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How do you overlook 100 million cases of beer?

Better image for beerHere’s a multiple choice question:

a) Beer is an industrial product.
b) Beer is an artisanal product.
c) Wine is a pastoral/agricultural product.
d) Wine is an industrial product.

Which if these choices do you think Field Maloney chose in a story that appeared the web magazine Slate? I’ll give you a hint. The headline read: Beer in the Headlights. Sales are flat. Wine is ascendant. How did this happen?

He wrote about a) and c). We know – and I’m pretty sure he does, too – that the correct answer is “all of the above.”

I’m hoping that Jay Brooks gets around to a complete critique of this story (looks like he did), because a beer guy can find a lot to object to – whether it is the way that he uses a genuine beer expert like Lew Bryson to add beer cred or the less-than-accurate description of how beer is made.

(Or the fact that he writes “A Google search of beer and passion yields 1.48 million entries, while wine and passion yields four times that.” When I did that a minute ago the numbers were 1.7 million and 2 million.)

Much of what Mr. Maloney writes is correct. The largest American breweries have an image problem, although projects like Anheuser-Busch’s Here’s to Beer may be helping. Connoisseurship, passion and lifestyle are increasingly important.

However, I’m not buying into the wine/hand-crafted and beer/industrial premise. Consider these facts:

Two Buck Chuck, called Charles Shaw wines in better company but still selling for $1.99 in California and a bit more elsewhere, last year accounted for 5 million cases of sales in 274 Trader Joe’s across the country. In California, wine heaven, eight out of 100 bottles of all wine sold are Two Buck Chuck. So growth hasn’t been fueled only by the “fine-wine industry.”

– The ascendance of fine wine and fine dining is generally linked to Northern California in the 1970s. That’s when Alice Waters opened Chez Panisse in Berkeley and vintners from Napa and Sonoma scored their victories in the “Judgment of Paris.” It’s ALSO when Fritz Maytag modernized Anchor Brewing, effectively making it the first American microbrewery. Soon Jack McAuliffe founded New Albion Brewing, then Ken Grossman and Paul Camusi started Sierra Nevada, and we were off and running.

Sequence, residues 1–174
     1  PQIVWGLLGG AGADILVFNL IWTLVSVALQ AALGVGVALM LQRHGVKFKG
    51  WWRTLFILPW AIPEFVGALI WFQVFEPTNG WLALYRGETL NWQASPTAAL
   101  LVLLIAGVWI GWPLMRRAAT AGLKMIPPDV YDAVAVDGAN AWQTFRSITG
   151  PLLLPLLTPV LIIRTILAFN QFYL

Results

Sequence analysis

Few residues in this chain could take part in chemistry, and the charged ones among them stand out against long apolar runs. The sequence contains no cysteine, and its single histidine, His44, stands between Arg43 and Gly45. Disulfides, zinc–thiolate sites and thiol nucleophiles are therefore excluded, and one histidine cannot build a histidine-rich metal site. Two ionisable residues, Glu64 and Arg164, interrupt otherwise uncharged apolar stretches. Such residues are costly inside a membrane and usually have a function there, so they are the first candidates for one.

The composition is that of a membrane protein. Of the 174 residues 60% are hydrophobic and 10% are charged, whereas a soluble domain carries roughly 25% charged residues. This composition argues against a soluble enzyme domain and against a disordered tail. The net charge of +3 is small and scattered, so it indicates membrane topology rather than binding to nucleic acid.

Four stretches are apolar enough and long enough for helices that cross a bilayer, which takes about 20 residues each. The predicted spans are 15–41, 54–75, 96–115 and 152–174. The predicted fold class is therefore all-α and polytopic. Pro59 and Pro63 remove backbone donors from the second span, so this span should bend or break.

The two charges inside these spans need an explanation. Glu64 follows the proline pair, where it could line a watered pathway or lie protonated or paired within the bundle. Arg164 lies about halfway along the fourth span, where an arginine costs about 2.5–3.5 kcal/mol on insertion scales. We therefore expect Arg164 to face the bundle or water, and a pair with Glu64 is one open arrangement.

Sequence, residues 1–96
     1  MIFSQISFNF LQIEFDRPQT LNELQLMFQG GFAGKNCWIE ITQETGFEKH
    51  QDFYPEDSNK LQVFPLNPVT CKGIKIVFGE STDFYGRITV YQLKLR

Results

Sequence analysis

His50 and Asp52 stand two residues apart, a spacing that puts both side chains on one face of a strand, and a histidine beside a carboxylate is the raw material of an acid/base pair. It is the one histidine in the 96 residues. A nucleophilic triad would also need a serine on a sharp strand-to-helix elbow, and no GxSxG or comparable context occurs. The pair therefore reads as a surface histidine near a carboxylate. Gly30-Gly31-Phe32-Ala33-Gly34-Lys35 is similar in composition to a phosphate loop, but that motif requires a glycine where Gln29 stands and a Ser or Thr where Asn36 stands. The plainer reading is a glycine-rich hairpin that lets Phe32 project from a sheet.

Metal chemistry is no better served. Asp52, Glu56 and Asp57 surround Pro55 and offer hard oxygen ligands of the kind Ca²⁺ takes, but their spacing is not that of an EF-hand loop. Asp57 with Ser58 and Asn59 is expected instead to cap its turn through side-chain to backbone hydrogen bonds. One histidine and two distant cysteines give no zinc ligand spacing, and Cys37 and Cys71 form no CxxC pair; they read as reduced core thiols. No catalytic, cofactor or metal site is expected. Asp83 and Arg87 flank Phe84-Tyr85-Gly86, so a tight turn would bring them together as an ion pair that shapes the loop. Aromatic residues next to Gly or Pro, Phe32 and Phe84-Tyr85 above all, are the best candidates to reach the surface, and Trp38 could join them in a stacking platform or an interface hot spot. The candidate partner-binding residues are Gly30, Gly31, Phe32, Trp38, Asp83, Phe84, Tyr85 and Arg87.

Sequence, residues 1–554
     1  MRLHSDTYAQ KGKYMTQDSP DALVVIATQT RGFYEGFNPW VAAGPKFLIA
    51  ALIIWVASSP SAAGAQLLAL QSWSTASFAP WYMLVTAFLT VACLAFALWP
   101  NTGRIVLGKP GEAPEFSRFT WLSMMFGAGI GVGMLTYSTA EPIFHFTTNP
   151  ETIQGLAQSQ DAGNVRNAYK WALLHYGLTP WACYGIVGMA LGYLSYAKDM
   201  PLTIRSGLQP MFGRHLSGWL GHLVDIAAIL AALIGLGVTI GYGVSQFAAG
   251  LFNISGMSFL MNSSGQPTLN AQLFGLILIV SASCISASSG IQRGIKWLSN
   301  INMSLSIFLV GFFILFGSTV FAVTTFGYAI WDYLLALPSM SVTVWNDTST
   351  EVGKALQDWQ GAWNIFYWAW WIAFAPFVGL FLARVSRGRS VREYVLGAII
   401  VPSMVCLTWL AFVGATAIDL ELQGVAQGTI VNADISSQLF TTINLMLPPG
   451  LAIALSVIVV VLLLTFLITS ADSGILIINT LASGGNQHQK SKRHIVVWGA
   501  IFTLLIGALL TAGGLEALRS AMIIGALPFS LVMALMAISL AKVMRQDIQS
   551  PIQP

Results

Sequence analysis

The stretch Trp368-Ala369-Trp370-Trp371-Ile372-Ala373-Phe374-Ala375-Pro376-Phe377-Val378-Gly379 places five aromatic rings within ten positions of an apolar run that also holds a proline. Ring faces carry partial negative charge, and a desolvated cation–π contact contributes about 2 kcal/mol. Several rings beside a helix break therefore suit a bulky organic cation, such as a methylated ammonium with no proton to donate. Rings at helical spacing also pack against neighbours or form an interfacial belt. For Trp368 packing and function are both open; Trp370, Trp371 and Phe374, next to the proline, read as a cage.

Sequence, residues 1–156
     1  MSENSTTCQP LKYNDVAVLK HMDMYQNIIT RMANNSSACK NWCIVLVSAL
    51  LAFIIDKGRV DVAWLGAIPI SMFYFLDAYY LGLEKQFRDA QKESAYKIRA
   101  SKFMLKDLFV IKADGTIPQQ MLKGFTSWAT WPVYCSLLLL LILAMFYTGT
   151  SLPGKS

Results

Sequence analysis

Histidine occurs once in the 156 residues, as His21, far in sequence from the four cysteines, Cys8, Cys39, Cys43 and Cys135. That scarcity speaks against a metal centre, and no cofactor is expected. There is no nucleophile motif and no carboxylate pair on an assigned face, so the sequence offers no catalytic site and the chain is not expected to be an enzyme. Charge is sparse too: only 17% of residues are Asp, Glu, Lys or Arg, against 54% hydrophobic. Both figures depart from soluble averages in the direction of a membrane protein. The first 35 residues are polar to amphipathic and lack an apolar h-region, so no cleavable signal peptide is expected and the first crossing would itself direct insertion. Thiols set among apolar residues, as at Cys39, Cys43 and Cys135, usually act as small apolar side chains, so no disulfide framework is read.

Last year the breweries we call craft produced comparable to 100 million cases – all less generic than Two Buck Chuck.

Hey, Slate, how did this happen?

4 Responses to How do you overlook 100 million cases of beer?

  1. Jess Sand June 1, 2007 at 1:54 pm #

    Great minds think alike, my friend!

    See my own response on Bar Stories (I kind of went off).

    I have to say that the whole Google search thing was bizarre—after all his attempts at justifying his points with stats and industry insider quotes, he went and conducted his own ultra-scientific survey—very nice.

    I think your last point is probably one of the most overlooked facts in all the beverage world: the fact is, flavor and craft—in any segment—are starting to pick up among consumers. People want to feel like they have a personal connection to the product they buy, and what better way to do that than buy from the artisan, the craftsman, the boutique winery/brewery?

    If I’m wrong, then why is A-B putting out beer after beer under pseudonymous (is that a word?) labels?

    —JJ

  2. Stan Hieronymus June 1, 2007 at 2:55 pm #

    Really nicely put, Jess (go read it, folks).

    Seems like we are spending too much time on this beer versus wine stuff. In the future I’ll just point to your post about they ways they are like and go back to drinking whichever is in my hand.

    To your point about pseydonyms, it’s worth noting that A-B is thinking regionally and using its own name on beers like Ascent 54 (a dunkel weisse) in Colorado or Demon’s Hop Yard IPA in the Northeast.

  3. Jeff Alworth June 4, 2007 at 1:30 pm #

    I was alerted to this when Maloney did a web discussion on the WaPo. It was so far off the mark, I didn’t bother blogging about it, though I’m glad others did. It’s one of those kinds of stories I think all professional journalists worry about writing one day–when they get the facts absolutely wrong and draw huge conclusions based on their own misreading.

    Like a car accident–“nothing to see here, folks…”

  4. Pete Brown June 7, 2007 at 9:23 am #

    This kind of rubbish is endemic in the UK too. Wine is aspirational and crafted; beer is industrial andfull of chemicals.

    One of the most grating aspects of it is that we are currently becoming very interetsed in looking at food miles and carbon footprints. Last month Wembley Stadium – the spiritual home of football – finally reopened after being rebuilt, and there was a big study about the carbon footprint of the cup final. Beer was blamed for giving each fan a huge footprint because of its heavy industrial production that consumes so much energy.

    The guys behind this story didn’t see fit to mention that whereas beer is rarely brewed more than a couple of hundred miles away frmo where it is consumed, most of our wine is flown in from Australia, South America and California!

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